Well over six-feet tall, Bernie Erickson towers over most workers at O.K. Electric Supply's red-brick headquarters. He is quick with a good joke with employees but just as fast to offer a mile-a-minute riff delivered in the rat-a-tat-tat cadence of his New Jersey accent on the technical specifications of a breakthrough lighting product.
Ask him about his favorite lighting retrofit job of all time, and he really shifts into high gear. It's the World Bank job in Washington, D.C., which has 3.5 million square feet of office space in five buildings and parking garages. O.K. Electric Supply saved the bank $800,000 in annual lighting costs and reduced the lighting load by 4,500 kW by replacing tens of thousands of inefficient fluorescent lamps, electromagnetic ballasts and lighting fixtures with state-of-the-art T8 lamps, electronic ballasts and lighting fixtures with custom reflectors. (See sidebar on page 23.) “Annual energy savings of $800,000 with no rebates,” he says. “People say you need rebates. There was never a nickel's worth of rebates on that project. They had a 52 percent return on investment.”
He loves to publicize O.K. Electric Supply's lighting jobs and offers well-written case studies on his favorite retrofits in downloadable PDFs on the Web site for the company's Energy Solution's division at www.okelectric.com/case_studies. These case studies report on the energy savings customers enjoy from retrofits and provide details on applicable utility rebates, original lighting system and replacement equipment.
Erickson has always been a big believer in the power of marketing, and he recently bolstered that interest with an MBA in marketing from Montclair State University, Upper Montclair, N.J. He says the case studies and related references give O.K. Electric Supply a level of credibility that's tough to beat. He thinks it's a mistake that so few electrical distributors employ a similar strategy.
“Nobody has the time, and most people in this business are good operations people, but they are not writers,” he says. “Most people are not very good marketers. We have always promoted ourselves.”
“A lot of people don't put their case studies out on the Internet,” adds Mowadia. “For some reason, they think it's like putting their customer base out there. But if you have a satisfied customer, you have already locked up the business.”
Erickson also uses the Web to promote his staff's technical and educational background. He and the Energy Solutions team have decades of field experience and have earned key lighting certifications that prove they know how to sell lighting supplies like other electrical distributors, but as an ESCO they can take several giant steps further by auditing a customer's facilities, recommending energy-efficient alternatives, uncovering financing from rebates and other government programs to pay for the job — in many cases designing the systems and even sourcing out the installation.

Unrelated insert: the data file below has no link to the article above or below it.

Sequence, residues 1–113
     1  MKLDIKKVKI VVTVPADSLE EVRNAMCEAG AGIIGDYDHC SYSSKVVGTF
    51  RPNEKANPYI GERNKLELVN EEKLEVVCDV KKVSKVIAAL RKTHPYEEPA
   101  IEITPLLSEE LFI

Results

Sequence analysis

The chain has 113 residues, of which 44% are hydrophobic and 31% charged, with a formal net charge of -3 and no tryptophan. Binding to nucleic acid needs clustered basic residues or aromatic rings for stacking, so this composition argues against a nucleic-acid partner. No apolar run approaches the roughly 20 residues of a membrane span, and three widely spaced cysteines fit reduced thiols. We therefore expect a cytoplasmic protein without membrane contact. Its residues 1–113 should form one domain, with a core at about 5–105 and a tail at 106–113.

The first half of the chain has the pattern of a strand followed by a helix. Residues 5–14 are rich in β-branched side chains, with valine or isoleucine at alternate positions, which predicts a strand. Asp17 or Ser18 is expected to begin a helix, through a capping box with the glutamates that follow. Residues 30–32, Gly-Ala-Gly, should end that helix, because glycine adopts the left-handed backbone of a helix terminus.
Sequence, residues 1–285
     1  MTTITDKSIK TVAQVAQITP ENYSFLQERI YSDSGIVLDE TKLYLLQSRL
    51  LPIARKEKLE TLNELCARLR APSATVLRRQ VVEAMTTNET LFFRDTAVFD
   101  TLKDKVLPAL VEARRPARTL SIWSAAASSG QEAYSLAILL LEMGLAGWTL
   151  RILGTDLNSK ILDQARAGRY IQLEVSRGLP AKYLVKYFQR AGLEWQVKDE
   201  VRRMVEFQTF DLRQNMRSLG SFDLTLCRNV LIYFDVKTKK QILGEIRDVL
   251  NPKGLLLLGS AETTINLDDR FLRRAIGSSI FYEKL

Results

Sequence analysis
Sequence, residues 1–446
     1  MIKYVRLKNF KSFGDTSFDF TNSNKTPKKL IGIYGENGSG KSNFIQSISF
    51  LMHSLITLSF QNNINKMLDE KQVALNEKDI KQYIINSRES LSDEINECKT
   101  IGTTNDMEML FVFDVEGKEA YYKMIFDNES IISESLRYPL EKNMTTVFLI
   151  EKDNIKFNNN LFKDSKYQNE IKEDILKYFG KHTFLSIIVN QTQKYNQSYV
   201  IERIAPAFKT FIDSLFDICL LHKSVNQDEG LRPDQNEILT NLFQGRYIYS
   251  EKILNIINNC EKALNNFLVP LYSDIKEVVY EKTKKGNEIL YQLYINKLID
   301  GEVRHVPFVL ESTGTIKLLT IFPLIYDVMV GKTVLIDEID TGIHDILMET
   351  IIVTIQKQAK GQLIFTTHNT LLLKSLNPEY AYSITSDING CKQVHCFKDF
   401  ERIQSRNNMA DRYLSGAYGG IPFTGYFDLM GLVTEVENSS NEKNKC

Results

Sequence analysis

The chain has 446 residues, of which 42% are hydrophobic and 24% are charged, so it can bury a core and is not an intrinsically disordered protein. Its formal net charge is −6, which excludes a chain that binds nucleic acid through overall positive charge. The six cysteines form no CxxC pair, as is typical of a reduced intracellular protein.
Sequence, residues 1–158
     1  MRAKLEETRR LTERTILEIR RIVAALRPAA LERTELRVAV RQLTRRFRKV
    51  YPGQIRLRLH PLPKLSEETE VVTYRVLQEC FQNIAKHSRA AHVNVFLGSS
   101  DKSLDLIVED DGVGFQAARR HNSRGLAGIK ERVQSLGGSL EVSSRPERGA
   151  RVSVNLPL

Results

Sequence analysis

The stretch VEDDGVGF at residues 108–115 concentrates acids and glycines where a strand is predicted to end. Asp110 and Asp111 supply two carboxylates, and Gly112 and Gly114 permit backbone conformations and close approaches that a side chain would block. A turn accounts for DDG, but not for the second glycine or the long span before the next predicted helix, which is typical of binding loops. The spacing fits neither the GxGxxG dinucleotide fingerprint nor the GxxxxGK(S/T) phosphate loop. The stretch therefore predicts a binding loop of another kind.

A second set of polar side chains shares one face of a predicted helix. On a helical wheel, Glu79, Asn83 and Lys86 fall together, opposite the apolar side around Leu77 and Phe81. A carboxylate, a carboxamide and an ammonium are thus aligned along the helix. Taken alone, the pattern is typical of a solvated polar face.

Erickson and his brother have lighting certified (LC) credentials from the National Council on Qualifications for the Lighting Professions, Austin, Texas; Certified Lighting Efficiency Professional (CLEP) certification from the Association of Energy Engineers, Atlanta; and Certified Lighting Management Consultant (CLMC) certification from the National Association of Lighting Maintenance Companies (NALMCO), Des Moines, Iowa.
In addition to promoting employees' credentials and the company's portfolio of trophy jobs, O.K. Electric Supply's Web site has also come in handy for selling products directly to customers. Its online store sells a broad range of energy-saving products, including one from far past the borders of the electrical market: showerheads for hotel rooms. The company does a huge number of lighting retrofits at hotels throughout metropolitan New York/New Jersey. Erickson started selling showerheads after a hotel customer told him the hotel needed new showerheads in guests' rooms that would cut down on water usage. He found a suitable showerhead at specialty retailer Hammacher Schlemmer and now sources that product for hotels and other customers. “This showerhead is great,” he says. “Most people don't like watersavers because they don't feel clean. This one blows the shower curtain off, but it's only 1.5 gallons per minute.”
The company also sells faux candles lit by LEDs (light-emitting diodes) online. The LEDs give the candles a flickering effect, which Erickson says restaurants use to create mood lighting. O.K. Electric Supply competes head-to-head with Amazon.com and other Web-based companies on the sale of these LED candles.
“We get into the weirdest things,” says Erickson. “We are probably one of the only distributors with a whole section of our warehouse stocked with LED candles. It's a huge item for us. We try to go outside the box to find these other items.”